Euclid House

Little Italy, Toronto

Euclid House shifted consciousness about living modern, comfortably, and sustainably within a modest footprint and budget.


LGA founding partners Janna Levitt and Dean Goodman envisioned their 1,600ft² house on a standard downtown mid-block lot as a prototype for sustainable urban living. Constructed in protest to the neo-historical “mcmansions” of the day, Euclid House is unapologetically contemporary, and yet it quietly conforms to the historic streetscape in scale, setback and massing.

12-foot ceilings and sweeping views to the outdoors expand the modest open-plan main floor, and the interiors were pre-designed with plenty of flexibility for both day-to-day and long-term living. For example, the den doubles as a guest room, the dining table is also a home office, and the basement suite, originally occupied by the couple’s teenaged children, was easily and inexpensively converted into a self-contained, two-bedroom rental unit once they left home. The modestly scaled principal bedroom and unembellished amenities eliminate excess space and promote engagement with the rest of the household and the city beyond.

The house models an array of practical sustainable features. For example, it was built without air conditioning, and instead uses large sliding doors and operable skylights to maximize both cross ventilation and daylight. Other passive strategies — all unusual at the time of construction — include concrete floors with radiant floor heating and a high-efficiency ‘on demand’ combined hot water system.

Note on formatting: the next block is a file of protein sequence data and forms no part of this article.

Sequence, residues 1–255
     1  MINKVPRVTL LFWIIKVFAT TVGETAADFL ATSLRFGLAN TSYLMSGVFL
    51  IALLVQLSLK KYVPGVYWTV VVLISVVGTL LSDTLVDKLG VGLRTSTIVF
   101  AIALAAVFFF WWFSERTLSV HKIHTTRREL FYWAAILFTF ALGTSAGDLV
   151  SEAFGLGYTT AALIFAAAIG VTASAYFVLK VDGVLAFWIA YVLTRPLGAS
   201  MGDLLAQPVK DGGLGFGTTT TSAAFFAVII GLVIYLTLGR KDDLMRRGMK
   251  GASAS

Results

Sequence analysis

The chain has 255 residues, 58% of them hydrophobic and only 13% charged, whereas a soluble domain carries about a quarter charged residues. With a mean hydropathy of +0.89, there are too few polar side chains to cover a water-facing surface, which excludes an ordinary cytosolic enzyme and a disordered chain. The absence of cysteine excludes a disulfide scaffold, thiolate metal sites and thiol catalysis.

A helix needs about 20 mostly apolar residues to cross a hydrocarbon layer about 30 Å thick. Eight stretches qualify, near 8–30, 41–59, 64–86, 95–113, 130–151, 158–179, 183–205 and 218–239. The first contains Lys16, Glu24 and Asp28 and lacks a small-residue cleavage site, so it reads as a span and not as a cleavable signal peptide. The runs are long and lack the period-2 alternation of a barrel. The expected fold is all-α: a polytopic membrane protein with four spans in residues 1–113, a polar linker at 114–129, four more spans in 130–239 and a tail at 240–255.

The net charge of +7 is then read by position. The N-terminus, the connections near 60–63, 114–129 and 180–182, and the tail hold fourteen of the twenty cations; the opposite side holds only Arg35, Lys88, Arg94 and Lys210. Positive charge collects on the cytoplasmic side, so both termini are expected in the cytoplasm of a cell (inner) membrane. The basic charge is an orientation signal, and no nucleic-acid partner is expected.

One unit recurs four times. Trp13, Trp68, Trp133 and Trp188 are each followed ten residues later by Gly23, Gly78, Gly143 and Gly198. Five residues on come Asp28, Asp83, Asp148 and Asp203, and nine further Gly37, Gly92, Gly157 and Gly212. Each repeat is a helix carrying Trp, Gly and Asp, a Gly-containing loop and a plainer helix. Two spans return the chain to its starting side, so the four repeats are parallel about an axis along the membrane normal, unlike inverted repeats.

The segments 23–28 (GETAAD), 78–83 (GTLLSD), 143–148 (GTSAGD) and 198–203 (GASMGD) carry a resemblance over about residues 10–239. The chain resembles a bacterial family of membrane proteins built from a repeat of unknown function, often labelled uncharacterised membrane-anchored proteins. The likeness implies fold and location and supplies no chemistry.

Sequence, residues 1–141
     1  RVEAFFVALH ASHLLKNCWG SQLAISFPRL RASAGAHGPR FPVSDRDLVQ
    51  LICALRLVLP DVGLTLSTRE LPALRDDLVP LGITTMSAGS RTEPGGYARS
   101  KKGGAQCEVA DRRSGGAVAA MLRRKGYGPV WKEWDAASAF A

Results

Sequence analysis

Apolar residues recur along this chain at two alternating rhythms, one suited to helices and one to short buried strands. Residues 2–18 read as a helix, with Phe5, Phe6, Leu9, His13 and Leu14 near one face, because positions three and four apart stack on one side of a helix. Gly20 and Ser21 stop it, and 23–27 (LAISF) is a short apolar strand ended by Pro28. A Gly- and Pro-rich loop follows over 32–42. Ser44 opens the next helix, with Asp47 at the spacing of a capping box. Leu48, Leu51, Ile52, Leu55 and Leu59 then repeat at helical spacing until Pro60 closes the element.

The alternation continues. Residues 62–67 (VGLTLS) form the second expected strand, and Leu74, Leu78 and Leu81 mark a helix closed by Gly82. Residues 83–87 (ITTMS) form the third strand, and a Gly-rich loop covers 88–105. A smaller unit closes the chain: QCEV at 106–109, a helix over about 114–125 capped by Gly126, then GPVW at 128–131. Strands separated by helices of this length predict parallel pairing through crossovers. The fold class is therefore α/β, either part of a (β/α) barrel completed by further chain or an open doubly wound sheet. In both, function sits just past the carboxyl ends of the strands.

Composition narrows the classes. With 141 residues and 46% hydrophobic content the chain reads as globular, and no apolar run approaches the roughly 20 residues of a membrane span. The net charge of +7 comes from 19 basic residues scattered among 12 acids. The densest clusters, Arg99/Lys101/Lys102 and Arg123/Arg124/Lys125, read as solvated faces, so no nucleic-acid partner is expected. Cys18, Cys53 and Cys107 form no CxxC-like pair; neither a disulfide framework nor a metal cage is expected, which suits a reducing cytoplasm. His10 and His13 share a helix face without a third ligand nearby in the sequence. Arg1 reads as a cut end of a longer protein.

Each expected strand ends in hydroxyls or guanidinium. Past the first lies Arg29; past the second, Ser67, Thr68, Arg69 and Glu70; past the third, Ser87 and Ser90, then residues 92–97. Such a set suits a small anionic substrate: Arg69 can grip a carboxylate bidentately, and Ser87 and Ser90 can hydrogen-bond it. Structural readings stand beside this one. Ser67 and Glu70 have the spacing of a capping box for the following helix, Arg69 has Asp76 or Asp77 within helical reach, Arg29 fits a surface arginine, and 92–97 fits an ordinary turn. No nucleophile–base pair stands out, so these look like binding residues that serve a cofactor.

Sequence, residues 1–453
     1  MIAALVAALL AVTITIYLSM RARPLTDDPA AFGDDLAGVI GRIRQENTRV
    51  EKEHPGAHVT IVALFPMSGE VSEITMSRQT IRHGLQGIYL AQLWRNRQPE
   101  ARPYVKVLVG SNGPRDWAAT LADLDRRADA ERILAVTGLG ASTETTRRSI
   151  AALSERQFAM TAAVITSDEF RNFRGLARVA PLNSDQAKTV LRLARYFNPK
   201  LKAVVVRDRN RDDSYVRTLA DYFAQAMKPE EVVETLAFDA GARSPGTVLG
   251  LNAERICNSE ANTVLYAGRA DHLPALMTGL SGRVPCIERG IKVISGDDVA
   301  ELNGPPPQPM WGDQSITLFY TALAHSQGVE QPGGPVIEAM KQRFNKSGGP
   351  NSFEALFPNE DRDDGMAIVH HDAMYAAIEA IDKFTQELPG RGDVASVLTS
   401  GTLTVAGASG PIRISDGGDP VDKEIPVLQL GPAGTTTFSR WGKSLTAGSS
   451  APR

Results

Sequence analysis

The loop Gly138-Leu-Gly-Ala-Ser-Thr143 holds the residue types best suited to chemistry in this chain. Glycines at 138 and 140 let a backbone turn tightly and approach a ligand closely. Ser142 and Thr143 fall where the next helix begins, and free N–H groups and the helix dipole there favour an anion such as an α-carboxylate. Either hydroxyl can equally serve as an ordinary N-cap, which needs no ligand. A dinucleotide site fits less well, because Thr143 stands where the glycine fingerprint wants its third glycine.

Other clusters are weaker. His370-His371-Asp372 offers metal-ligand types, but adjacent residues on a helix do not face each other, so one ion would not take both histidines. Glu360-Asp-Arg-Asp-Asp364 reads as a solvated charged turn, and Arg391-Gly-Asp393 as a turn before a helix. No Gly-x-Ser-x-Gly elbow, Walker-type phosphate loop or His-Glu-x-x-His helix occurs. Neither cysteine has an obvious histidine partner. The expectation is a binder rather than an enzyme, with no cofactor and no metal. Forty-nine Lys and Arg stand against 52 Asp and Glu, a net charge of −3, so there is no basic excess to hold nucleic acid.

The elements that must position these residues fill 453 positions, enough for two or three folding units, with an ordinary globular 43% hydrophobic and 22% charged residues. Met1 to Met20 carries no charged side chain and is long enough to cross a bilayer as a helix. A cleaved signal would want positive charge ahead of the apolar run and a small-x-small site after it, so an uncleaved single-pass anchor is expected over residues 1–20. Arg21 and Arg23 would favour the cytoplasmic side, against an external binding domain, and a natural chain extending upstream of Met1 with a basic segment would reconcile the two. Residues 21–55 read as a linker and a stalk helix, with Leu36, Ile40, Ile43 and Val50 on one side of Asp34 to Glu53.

Three levels of planted roof gardens spark a complete sensory experience, invading the house with the immediate sights of plants, birds and animals, the rustling of wind through the grasses and the scent of herbs. The principal bedroom is surrounded by a roof garden planted at window level, providing the impression that it is floating in a meadow. The family grows fruits and vegetables the rear garden and on the garage roof, further supporting environmental stewardship, well-being, and resilience.


The Euclid House is not imposing—it slides comfortably into a very Toronto mélange of styles and periods. And yet the building is full of powerful architectural ideas: A green roof, the very first on a house in its city; a modestly scaled interior that, nonetheless, is ready to accommodate a variety of family configurations and living situations; and what is, still, the best plan I have seen to resolve the dual street and laneway aspects of a downtown Toronto house.

A decade after its completion, it looks better than it did in 2006: an example of thoughtful architecture that responds on every scale from the detail to the city block. Many designs have tried to follow its example, and few will have achieved such lasting success.

– Alex Bozikovic, Architecture Critic, The Globe and Mail


2008 Design Exchange DX Award
2007 Toronto Urban Design Award
2007 Green Toronto Award – Award of Excellence
2007 Ontario Association of Architects Award of Excellence


Globe & Mail – Favourite Room: Owners design Toronto home to minimize environmental footprint
Globe & Mail – (May 2007) Building a recognition of environmental costs
Inhabitat – (June 2011) Green-Roofed Euclid Avenue House is an Ecologically Sensitive Dream Home
Globe and Mail – (February 2016) Architecture for the ages
Arch Daily